Target is throwing returns to the curb as retailers hope the convenience will boost sales

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A worker delivers an order to a drive up customer at a Target store on August 19, 2020 in Miami, Florida.

Joe Raedle | Getty Images

Target is rolling out a new perk to get shoppers to stop by its stores: Customers can return without leaving their car.

The curbside return service, which began last week in about a quarter of Target’s nearly 2,000 stores nationwide, will be available across the chain later this summer.

Target is sweetening its curbside pickup service, Drive Up, to attract and retain customers as the retailer braces for a potential sales slowdown and tries to hang on to pandemic-fueled earnings. Total annual revenue grew approximately $31 billion or nearly 40 percent from fiscal 2019 to 2022.

Now, as shoppers become more budget-conscious and buy fewer discretionary items, Target said it expects comparable sales to go from a low-single-digit decline to a low-single-digit increase this fiscal year. On an investor day in February, it forecast full-year earnings per share of $7.75 to $8.75, below Wall Street expectations of $9.23 per share, according to estimates by StreetAccount.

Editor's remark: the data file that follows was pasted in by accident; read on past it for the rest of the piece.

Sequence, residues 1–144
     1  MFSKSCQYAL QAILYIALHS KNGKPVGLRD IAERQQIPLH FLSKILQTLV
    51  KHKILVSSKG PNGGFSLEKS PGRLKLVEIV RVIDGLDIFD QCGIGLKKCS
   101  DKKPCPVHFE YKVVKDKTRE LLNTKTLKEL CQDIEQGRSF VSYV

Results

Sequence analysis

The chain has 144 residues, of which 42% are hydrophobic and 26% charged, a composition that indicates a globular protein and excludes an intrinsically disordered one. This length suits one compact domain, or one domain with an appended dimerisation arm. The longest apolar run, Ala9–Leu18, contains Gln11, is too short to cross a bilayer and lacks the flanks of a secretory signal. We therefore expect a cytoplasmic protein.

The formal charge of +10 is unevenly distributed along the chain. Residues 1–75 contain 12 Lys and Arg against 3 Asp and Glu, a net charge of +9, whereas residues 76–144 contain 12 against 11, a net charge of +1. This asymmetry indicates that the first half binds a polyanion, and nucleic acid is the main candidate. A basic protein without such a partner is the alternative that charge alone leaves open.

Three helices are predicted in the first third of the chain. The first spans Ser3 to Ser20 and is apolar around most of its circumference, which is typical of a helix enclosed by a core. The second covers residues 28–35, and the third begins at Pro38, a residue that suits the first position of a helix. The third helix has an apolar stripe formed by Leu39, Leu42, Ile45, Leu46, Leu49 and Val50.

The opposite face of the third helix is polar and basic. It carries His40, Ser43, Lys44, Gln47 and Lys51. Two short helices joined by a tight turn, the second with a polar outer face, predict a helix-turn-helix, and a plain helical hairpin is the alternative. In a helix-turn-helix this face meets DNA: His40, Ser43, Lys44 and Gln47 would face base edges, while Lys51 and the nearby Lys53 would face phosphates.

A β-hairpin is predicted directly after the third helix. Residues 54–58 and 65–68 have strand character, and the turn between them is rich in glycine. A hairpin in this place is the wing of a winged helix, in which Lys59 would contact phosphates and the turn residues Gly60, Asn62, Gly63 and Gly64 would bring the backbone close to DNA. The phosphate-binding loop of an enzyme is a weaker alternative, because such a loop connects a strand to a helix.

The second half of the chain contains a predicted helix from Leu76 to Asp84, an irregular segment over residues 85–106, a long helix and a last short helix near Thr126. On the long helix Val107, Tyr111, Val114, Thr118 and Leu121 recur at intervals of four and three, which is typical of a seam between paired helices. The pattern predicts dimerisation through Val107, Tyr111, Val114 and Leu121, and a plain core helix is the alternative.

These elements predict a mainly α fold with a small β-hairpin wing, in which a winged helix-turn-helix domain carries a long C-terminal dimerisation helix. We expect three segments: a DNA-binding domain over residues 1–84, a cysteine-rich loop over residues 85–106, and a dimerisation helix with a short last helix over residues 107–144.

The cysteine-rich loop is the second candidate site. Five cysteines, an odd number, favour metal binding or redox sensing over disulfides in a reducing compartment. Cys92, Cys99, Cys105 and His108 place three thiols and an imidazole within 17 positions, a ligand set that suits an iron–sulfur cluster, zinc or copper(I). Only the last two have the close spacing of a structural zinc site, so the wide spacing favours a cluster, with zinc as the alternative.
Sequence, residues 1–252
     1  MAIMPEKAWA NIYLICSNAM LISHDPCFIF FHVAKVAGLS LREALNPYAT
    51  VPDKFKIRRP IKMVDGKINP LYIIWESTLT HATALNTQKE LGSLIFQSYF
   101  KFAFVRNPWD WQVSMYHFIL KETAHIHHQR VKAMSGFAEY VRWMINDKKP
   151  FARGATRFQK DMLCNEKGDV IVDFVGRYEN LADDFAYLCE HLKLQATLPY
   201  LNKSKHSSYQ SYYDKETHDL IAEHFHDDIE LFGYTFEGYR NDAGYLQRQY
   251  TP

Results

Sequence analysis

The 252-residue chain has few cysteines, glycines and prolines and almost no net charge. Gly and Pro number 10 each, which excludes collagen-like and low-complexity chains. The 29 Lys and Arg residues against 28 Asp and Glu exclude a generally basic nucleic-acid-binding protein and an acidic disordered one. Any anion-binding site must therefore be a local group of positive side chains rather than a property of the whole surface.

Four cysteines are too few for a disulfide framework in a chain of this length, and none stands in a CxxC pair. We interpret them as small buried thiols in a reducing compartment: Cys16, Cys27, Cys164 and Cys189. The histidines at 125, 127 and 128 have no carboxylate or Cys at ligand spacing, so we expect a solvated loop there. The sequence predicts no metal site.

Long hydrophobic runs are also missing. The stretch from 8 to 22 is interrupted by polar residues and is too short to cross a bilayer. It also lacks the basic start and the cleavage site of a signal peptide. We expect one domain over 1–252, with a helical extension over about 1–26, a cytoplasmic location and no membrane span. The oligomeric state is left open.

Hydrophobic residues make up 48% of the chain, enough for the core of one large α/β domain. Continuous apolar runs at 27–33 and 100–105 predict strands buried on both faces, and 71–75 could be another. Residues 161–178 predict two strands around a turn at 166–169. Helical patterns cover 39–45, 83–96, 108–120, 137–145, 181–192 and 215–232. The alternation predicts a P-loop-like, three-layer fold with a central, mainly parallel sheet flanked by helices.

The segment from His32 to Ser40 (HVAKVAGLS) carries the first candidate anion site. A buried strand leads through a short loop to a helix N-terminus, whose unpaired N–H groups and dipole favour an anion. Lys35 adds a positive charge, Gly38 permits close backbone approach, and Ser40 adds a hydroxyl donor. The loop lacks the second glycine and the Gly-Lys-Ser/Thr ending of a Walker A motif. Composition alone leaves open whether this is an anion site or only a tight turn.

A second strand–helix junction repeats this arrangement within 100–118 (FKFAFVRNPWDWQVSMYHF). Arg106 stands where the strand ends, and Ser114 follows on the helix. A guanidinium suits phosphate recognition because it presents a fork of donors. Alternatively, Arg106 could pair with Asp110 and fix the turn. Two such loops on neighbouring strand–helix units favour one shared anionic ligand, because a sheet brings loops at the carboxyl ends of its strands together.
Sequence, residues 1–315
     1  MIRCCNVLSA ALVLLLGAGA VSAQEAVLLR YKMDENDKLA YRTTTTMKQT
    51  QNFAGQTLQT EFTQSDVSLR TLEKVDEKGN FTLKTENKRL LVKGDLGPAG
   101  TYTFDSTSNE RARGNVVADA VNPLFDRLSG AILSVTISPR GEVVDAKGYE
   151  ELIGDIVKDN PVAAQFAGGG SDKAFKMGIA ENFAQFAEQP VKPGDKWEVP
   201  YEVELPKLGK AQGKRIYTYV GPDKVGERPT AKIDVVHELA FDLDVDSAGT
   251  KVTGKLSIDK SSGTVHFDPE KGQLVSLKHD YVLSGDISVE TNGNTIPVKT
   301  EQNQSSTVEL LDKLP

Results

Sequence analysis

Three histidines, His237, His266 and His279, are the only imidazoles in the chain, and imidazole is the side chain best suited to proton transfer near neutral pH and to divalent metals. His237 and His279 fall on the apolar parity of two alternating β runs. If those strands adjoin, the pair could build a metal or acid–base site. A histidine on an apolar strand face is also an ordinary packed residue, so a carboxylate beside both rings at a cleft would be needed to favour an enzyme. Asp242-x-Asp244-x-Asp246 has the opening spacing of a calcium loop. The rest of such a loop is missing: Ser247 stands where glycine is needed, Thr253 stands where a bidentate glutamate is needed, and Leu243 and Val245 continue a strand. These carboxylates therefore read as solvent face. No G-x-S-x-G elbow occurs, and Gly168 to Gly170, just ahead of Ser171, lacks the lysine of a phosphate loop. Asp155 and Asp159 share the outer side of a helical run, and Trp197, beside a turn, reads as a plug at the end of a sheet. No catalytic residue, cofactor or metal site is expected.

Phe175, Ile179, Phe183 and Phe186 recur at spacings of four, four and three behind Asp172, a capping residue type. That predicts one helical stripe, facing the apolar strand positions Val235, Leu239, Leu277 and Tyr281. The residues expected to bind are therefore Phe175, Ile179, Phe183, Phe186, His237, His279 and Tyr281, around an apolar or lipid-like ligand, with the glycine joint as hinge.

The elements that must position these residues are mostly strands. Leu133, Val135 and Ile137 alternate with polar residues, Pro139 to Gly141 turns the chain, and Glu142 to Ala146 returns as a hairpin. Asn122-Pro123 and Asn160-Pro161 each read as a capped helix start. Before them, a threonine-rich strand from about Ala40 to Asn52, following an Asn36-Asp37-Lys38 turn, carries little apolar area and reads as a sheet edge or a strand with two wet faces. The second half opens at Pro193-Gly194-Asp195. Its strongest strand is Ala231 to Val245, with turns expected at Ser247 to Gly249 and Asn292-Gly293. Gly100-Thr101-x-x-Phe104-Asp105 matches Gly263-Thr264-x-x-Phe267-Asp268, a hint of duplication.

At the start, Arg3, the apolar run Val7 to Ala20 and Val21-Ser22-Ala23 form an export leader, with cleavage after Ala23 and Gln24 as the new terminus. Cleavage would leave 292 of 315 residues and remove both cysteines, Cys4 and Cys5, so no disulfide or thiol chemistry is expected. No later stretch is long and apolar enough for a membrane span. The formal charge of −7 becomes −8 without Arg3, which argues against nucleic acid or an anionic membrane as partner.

The company hopes convenient perks like curbside returns will boost customer retention and lift sales.

“Every time we remove the friction from our guest experience, it benefits guests and benefits Target because they deepen their relationship with us,” said Mark Schindele, Chief Stores Officer. “We’ve demonstrated that with Drive Up in general. Guests experience that service, love it, and then shop at our stores more often.”

Curbside pickup has become a major selling factor for retailers’ e-commerce businesses, especially as shoppers have sought to avoid crowds during the Covid pandemic. For some shoppers, the habit has stuck as work and home hours are busier and commutes have returned, and retailers including Target and rival Walmart are now aiming to capitalize on that.

Click-and-collect, a term used to describe buying online and picking up purchases outside or in-store, grew from 6% of overall US e-commerce sales in 2019 to 11% in 2019. 2022, according to data from Euromonitor, a market research company.

Delivery still accounts for the majority of online sales, but click-and-collect generated around $114 billion in sales in 2022, up from $36 billion in 2019, according to Euromonitor.